At the Chabad house in Cusco, Peru, the preparations for the world’s largest Seder are in full swing. 1,500 travelers will come to the Chabad from all over South America to celebrate the holiday.
That incredible number is confirmed by the Chabad’s registration numbers. This year, more than one thousand participants have already registered and paid. As the Seder night draws closer, demand only rises and the pace of registration increases.
Last year, about 1,300 people participated and this year over 1,500 participants celebrate the Seder at the Chabad House in Cusco.
The world’s largest Seder is organized by the local Chabad emissaries, Ofer Kripur, his wife Yael, and their children. They have been running the local Chabad house for 13 years.
The preparations for such a large Seder are complex and began more than two months ago. All the food, raw materials, and equipment must be transported to Cusco from all over the world. Goods are brought in suitcases filled with Passover items that cannot be obtained in Peru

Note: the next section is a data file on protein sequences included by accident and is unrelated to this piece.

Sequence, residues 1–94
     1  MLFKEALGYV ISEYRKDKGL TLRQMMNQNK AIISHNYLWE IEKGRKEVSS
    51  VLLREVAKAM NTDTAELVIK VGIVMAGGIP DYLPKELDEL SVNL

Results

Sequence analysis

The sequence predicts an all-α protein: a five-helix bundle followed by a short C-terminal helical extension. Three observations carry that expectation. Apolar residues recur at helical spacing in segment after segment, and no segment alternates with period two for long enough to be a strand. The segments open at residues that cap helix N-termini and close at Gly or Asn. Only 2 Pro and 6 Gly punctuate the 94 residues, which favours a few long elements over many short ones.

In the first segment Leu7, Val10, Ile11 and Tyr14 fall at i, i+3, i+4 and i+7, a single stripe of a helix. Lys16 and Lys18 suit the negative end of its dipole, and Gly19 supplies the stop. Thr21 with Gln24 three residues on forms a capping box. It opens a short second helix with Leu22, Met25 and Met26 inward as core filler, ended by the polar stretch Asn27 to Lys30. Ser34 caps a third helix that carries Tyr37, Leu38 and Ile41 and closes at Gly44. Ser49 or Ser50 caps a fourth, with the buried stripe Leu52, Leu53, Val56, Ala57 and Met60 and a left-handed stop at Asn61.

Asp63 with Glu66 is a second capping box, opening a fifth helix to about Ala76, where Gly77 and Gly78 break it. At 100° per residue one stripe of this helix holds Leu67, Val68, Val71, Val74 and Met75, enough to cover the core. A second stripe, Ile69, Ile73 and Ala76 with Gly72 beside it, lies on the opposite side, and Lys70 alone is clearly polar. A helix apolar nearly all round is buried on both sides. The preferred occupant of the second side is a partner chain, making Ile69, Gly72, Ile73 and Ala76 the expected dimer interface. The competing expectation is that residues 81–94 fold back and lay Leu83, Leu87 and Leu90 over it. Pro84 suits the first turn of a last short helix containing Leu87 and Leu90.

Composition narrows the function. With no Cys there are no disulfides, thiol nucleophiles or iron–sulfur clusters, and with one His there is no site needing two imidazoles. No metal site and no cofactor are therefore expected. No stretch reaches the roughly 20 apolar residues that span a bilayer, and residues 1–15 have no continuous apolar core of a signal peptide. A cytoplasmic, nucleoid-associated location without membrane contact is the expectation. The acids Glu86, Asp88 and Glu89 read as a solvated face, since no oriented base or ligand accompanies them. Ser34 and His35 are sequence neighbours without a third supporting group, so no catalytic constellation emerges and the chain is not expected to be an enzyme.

In addition, stringent customs laws in Cusco mean that all the food imports must undergo a serious bureaucratic process before being approved
Over 150 kilos of handmade matzos and another 350 kilos of machine matzos have been ordered. About 750 chickens are prepared for the holiday meals. Hundreds of liters of wine are produced on site due to weight and transportation problems. Rather than ship in wine, the Chabad ships in the grapes and ferments the wine themselves.
Various suppliers fly heaps of eggs and piles of potatoes to the area for preparation in the Chabad house kitchen.
The food preparation at the Chabad house is unique in that Kripur slaughters the meat himself, overseas the wine fermentation process and prepares the dairy products (not for the Seder, but for the rest of the holiday). The quality and freshness of the food is not characteristic of such massive Seders and visitors appreciate that fact every year.
Feedback from participants is great. The Seder is undoubtedly one of the most memorable experiences for travelers during their trip and it is one that accompanies them for the rest of their lives.
Kripor said “For travelers who are far from home entering a hall on the holiday and celebrating with hundreds of Israelis and tourists from around the world is very exciting.”
The highlight of the Seder is undoubtedly the singing of ‘Who Knows One.’ Everyone is singing after an uplifting Seder and a good meal. It is very powerful.”